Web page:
Curcumin, a key ingredient of the spice, may reduce inflammation, but questions remain about its usefulness for MS.
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Variety may be the spice of life, but is turmeric the spice for people with multiple sclerosis (MS)?
More and more people with MS are using complementary and alternative approaches like herbs and supplements to augment prescription medication treatments for symptoms like pain, spasticity, memory loss, and fatigue — even though scientific evidence supporting their use is limited. One of the most popular herbal remedies is turmeric, a spice that is used commonly in cooking, particularly in Asian cuisines.
Turmeric has properties similar to ginger, another popular flavoring ingredient.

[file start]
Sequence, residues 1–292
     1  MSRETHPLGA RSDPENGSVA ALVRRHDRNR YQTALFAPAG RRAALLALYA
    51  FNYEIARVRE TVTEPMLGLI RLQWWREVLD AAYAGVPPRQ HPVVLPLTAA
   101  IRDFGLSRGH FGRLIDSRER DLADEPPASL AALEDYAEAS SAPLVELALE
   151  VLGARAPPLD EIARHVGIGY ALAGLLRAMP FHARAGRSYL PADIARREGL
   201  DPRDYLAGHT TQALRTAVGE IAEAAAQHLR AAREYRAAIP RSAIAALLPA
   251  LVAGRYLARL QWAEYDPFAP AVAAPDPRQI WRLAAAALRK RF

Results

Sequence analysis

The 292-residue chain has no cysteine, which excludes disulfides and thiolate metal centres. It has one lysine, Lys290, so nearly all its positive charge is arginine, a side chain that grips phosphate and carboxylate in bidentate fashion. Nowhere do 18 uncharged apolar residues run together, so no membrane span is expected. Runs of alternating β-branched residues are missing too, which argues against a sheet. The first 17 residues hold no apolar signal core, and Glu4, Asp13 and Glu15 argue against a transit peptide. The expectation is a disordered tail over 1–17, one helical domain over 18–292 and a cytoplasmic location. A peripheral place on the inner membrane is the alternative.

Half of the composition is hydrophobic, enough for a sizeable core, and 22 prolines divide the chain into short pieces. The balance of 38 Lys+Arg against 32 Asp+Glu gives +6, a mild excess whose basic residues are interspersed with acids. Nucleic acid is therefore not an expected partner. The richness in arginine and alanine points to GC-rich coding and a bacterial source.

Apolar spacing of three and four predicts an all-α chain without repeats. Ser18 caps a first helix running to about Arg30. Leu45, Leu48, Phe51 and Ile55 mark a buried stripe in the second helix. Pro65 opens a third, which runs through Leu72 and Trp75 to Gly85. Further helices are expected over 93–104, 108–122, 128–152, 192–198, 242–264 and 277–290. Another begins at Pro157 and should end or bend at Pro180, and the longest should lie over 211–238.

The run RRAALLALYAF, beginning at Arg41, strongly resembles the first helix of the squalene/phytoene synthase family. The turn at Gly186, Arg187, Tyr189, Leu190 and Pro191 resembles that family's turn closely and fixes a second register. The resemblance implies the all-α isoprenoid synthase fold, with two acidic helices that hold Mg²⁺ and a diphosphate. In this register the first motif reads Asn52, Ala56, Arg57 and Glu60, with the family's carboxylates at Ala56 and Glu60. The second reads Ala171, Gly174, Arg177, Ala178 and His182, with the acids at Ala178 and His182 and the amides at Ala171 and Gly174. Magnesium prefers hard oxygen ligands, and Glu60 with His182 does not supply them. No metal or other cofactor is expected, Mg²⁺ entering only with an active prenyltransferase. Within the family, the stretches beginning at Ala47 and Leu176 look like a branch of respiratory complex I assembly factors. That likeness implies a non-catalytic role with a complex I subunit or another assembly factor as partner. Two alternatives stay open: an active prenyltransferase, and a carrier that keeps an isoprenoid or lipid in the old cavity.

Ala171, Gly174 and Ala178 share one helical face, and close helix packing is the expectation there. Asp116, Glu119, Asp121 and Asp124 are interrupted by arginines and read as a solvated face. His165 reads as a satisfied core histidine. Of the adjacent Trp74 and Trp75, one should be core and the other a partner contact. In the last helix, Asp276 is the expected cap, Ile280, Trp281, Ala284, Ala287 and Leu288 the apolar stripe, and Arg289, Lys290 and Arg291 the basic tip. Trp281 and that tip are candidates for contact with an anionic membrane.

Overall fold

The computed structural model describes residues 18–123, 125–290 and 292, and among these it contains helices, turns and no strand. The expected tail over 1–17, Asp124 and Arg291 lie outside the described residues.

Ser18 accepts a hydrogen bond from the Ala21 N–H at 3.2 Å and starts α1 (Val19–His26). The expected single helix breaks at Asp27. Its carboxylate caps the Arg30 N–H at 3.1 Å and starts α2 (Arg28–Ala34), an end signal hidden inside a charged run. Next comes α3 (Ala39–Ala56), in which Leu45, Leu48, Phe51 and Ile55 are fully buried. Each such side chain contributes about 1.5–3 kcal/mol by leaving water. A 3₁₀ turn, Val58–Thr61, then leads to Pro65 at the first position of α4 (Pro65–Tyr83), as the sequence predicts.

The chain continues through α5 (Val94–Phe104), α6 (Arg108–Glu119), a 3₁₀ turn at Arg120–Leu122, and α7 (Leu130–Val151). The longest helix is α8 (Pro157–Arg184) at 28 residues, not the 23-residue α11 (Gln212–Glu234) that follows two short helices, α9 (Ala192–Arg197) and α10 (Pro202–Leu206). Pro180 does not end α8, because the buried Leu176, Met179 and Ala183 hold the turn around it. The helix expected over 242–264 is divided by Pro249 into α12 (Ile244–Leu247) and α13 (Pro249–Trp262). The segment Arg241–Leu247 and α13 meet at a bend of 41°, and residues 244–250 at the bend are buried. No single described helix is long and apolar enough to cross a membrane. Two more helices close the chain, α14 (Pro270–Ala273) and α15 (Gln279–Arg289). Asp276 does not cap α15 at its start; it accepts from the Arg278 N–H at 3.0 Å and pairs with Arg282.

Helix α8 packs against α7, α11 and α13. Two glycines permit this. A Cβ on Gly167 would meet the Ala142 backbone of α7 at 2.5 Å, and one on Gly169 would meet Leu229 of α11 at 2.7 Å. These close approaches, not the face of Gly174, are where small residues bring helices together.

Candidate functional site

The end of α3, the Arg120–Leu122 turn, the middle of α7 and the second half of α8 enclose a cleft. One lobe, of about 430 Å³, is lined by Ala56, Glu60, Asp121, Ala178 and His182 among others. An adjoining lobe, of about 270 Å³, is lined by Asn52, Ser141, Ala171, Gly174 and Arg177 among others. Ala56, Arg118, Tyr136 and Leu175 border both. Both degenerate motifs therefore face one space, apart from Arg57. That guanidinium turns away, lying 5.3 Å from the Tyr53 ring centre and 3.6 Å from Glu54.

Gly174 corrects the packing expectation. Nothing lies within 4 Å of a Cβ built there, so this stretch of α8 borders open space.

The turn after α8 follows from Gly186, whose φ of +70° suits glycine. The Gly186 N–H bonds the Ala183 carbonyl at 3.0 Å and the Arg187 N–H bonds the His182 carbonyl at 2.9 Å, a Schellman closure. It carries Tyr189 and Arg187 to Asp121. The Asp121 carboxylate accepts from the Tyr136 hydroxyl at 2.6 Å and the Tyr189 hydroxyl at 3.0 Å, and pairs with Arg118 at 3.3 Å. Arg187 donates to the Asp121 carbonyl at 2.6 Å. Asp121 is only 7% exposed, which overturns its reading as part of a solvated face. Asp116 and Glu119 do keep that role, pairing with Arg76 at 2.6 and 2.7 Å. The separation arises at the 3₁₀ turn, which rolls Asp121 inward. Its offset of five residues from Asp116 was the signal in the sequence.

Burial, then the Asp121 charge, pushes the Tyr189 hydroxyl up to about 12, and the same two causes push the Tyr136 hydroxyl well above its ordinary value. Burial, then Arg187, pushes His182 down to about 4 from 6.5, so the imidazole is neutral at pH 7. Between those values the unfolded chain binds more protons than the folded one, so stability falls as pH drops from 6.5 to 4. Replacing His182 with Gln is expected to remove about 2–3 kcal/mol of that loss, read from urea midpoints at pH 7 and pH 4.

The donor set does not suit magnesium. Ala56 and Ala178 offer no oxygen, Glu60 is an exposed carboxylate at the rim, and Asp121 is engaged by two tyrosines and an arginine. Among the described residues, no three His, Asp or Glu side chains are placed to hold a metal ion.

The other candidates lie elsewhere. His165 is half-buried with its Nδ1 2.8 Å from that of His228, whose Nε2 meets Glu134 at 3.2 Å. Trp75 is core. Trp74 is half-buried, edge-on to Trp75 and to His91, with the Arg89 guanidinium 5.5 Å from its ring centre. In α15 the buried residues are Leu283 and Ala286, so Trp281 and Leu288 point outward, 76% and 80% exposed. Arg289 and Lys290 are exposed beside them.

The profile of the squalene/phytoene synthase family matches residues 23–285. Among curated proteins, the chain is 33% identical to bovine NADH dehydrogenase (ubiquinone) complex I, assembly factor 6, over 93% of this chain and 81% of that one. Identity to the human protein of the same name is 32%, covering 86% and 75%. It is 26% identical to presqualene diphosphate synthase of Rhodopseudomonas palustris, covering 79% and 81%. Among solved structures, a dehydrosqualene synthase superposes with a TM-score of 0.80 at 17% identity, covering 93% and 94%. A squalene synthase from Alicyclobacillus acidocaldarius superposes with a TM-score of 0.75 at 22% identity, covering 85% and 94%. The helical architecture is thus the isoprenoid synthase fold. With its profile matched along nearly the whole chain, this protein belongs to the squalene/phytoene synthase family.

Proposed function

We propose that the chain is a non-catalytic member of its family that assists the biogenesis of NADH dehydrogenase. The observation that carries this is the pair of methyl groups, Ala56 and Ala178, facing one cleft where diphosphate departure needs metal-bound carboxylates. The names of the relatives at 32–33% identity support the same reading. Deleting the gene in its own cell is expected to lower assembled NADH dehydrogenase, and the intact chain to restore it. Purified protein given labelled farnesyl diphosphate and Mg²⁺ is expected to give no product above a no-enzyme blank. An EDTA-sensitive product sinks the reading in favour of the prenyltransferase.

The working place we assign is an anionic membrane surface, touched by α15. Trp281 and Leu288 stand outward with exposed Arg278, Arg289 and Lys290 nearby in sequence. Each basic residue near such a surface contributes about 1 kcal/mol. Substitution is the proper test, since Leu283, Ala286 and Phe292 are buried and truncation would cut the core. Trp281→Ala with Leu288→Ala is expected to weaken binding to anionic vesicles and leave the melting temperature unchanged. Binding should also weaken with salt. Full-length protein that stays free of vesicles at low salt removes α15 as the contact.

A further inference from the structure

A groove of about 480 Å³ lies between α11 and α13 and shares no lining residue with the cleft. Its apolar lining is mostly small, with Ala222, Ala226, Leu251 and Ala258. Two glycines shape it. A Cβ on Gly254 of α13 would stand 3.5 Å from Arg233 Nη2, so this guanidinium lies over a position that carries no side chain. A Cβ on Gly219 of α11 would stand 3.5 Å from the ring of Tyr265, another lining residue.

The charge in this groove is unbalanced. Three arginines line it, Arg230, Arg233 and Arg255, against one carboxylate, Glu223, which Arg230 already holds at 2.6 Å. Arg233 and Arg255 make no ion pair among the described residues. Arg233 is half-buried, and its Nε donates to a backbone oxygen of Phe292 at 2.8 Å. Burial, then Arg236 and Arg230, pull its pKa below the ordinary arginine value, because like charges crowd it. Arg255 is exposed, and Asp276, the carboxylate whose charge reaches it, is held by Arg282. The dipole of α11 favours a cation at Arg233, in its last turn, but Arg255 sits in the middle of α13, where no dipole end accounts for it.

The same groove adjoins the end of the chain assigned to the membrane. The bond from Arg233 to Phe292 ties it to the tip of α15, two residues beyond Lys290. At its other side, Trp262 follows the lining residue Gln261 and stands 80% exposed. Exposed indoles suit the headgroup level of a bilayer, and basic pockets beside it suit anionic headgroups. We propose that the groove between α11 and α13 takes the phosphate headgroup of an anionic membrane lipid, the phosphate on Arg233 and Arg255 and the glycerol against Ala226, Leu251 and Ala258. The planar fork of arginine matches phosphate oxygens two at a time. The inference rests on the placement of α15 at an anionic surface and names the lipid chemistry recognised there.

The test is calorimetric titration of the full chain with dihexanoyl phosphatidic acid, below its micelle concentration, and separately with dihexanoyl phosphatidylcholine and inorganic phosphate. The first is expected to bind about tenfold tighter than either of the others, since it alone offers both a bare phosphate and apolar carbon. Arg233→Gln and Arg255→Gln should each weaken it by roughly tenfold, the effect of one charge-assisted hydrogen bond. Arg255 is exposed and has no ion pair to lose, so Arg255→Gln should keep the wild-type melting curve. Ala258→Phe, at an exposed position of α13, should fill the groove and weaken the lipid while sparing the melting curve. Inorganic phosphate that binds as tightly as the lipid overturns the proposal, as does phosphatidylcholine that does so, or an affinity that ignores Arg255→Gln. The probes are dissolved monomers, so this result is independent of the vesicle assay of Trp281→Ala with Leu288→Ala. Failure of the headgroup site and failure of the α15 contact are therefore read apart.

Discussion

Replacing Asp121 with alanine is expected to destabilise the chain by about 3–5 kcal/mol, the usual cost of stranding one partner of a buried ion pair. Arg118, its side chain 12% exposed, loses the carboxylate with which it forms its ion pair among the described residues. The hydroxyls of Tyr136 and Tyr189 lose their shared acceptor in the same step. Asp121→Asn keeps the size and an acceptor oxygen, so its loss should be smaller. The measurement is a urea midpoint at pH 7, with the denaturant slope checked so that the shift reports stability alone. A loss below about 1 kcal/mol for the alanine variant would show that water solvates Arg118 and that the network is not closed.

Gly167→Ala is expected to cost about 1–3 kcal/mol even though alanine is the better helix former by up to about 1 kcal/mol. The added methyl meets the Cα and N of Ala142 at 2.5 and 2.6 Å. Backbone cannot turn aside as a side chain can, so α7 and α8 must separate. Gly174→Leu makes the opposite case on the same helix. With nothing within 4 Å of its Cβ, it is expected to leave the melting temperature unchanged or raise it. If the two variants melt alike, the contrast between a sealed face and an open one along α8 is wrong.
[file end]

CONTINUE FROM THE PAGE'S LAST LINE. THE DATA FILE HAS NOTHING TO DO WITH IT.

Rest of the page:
Although turmeric has been used to treat the symptoms of a variety of health conditions — including everything from Alzheimer’s disease, rheumatoid arthritis, and prostate and colon cancer to heart disease and type 2 diabetes — its use in MS hasn’t been well studied, at least to date. Still, what’s known about its possible benefits is promising.
“I’m from India originally, and we’ve used turmeric for centuries, both for cooking as well as for medicinal uses,” says Vijayshree Yadav, MD, a neurologist and Tykeson Family Term Professor in wellness research, as well as MS Center director at Oregon Health & Science University in Portland.
“It’s an antioxidant with multiple chemical ingredients, including curcumin, that may have beneficial effects for people with a number of conditions, but there’s still a lot we don’t know,” Dr. Yadav says.